I recently did an interview with Mills that illuminates some of the big changes that are imminent. I also asked him what his favorite type of stem cell is and his view of the regenerative medicine regulatory changes in Japan relative to those here with the FDA.
Paul: Going from the biotech industry to lead CIRM is a big change. What inspired you to make the change?
Mills: It was actually a two step process. After 20 years in regenerative medicine, the last 10 as the CEO of a publically traded company, I had actually intended to take some time off from work so I could spend more with my wife and children. Perhaps not to permanently retire, but at least take a step back and do more selective things, like sitting on Boards and such.
As my wife says though, I really stunk at that, and quickly became bored.
So when I received a call from CIRM asking if I were interested in the CEO position I gave it serious consideration. Having spent the past 5 years as a grant reviewer for CIRM, I was already quite familiar with the Agency. If you believe in the potential of regenerative medicine and cell therapy as I do, there is no place in the world you could go to have a bigger impact. No company, no other state, not even a country can have the impact California can have in bringing these treatments to patients.
My interest at CIRM isn’t to “stay the course” – it is to be as innovative as possible to make the agency radically more effective and efficient. And so with that, I accepted the challenge.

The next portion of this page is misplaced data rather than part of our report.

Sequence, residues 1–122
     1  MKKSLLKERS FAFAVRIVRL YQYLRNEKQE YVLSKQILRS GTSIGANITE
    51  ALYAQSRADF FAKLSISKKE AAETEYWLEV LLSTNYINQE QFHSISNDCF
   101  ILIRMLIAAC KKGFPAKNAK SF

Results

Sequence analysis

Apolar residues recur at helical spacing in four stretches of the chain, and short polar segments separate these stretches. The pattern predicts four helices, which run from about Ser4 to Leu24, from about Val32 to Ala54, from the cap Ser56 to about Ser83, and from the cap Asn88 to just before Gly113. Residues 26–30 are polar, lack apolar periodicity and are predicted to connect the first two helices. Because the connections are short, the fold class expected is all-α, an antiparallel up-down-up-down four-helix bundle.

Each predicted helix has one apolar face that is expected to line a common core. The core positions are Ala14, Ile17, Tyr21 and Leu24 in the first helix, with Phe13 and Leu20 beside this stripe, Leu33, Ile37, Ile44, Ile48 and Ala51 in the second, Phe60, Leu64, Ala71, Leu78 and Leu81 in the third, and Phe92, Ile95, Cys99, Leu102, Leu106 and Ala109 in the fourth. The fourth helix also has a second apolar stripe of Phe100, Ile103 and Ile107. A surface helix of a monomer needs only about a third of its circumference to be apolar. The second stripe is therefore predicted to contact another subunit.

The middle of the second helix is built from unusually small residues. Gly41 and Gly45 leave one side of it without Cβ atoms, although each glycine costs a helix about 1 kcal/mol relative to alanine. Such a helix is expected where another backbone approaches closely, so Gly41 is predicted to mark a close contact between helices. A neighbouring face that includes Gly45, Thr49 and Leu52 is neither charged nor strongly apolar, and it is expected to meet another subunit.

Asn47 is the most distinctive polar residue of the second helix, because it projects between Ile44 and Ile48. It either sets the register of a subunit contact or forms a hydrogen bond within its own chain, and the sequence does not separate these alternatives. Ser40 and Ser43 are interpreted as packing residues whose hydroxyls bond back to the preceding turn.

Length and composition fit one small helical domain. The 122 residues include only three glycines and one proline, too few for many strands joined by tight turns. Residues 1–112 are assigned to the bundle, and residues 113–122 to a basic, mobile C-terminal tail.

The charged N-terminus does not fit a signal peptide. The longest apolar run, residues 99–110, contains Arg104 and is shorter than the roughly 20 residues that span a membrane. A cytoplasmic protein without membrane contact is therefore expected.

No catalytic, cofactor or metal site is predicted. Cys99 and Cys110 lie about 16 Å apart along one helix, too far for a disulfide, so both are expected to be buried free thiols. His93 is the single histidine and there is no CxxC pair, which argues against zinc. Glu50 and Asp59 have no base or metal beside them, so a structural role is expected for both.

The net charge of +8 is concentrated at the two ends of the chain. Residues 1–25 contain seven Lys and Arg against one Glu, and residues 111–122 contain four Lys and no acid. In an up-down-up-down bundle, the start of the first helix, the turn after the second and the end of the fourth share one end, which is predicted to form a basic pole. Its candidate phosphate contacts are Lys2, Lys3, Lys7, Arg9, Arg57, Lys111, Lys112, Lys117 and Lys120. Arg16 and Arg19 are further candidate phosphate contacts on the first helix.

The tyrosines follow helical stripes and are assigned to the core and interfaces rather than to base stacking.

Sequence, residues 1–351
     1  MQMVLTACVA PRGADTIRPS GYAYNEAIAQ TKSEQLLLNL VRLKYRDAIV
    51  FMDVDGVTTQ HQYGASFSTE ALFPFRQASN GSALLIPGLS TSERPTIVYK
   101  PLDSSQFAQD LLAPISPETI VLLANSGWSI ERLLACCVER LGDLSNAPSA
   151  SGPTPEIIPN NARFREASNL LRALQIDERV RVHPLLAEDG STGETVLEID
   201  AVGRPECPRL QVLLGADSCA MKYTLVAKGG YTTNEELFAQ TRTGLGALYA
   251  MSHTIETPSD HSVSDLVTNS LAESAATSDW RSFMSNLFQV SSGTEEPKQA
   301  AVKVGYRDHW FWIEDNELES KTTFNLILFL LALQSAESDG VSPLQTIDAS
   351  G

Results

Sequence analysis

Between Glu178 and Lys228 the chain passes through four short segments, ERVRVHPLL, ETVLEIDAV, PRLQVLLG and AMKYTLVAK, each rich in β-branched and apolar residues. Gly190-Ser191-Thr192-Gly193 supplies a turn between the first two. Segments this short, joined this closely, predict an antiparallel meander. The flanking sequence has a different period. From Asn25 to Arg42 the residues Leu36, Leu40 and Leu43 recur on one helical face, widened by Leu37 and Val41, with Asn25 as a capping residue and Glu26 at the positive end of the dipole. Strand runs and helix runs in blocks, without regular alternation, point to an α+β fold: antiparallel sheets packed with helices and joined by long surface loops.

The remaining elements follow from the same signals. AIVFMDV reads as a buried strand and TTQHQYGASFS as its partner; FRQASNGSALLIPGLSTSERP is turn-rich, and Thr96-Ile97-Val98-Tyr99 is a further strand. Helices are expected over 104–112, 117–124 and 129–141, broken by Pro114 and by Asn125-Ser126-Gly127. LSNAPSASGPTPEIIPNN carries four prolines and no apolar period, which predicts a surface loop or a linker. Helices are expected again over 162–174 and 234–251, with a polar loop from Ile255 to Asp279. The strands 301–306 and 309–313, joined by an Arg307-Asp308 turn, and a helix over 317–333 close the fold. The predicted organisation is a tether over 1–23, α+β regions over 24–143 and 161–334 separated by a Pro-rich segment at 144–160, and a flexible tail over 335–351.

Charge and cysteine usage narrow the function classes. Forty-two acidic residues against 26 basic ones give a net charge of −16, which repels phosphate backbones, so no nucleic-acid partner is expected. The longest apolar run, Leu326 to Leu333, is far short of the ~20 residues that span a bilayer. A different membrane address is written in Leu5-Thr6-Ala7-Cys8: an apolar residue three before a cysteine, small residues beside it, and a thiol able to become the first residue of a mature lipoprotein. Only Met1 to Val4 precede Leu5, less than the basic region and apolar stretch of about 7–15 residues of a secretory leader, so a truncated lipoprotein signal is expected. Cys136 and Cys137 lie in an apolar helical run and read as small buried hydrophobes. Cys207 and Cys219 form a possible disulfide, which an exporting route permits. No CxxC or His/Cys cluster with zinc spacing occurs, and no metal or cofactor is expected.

Paul: You’ve had some time to get settled in at CIRM. What has surprised you most?
Mills: To the upside – without question, the team at CIRM. They are really a remarkable group of capable and dedicated professionals. They’re not just good at their job, they really care about the work they do and its ability to impact people’s lives. It is such a gift for a new leader to be able to come into an organization and have such talent to work with. I have challenged the team to rethink the way we do business at CIRM in a really big way and they have responded to the call, producing CIRM 2.0. I am excited that with the rollout of 2.0, people will be able to see just how talented the team is that I get to work with everyday.
Paul: I’ve heard that you plan to extend CIRM funding of new grant proposals to 2020 based on existing funding. Will this mean less funding per year and will that in turn mean focusing more on fewer priorities? For example, one of the questions I’m most asked about CIRM lately by colleagues: will there be another Basic Bio RFA or are those history now given a more translational/clinical focus moving forward?
Mills: It’s funny, I was able to extend the funding life of CIRM until at least 2020 by using a little trick I once learned called “math.” Not to put to fine of a point on it, but I basically looked at how much money we actually had left to spend (approximately $1 billion) and divided it by how much money we actually awarded each year – about $190 million. And there you have it, 2020.
Now what really made the difference in the projection was correcting some of our previous spending assumptions. For example, if a $100 million concept plan was approved by the Board, we would assume all $100 million was spent, when in actuality we typically only spend a fraction of it.
Also built into the previous projections was an assumption that all money we awarded would be spent. However, CIRM awards are milestone driven – meaning that if the project isn’t working as agreed upon by both parties up front, the program is cancelled. Since this is biotech, we know that not all projects are going to work, and thus we will not actually spend all of the money we award.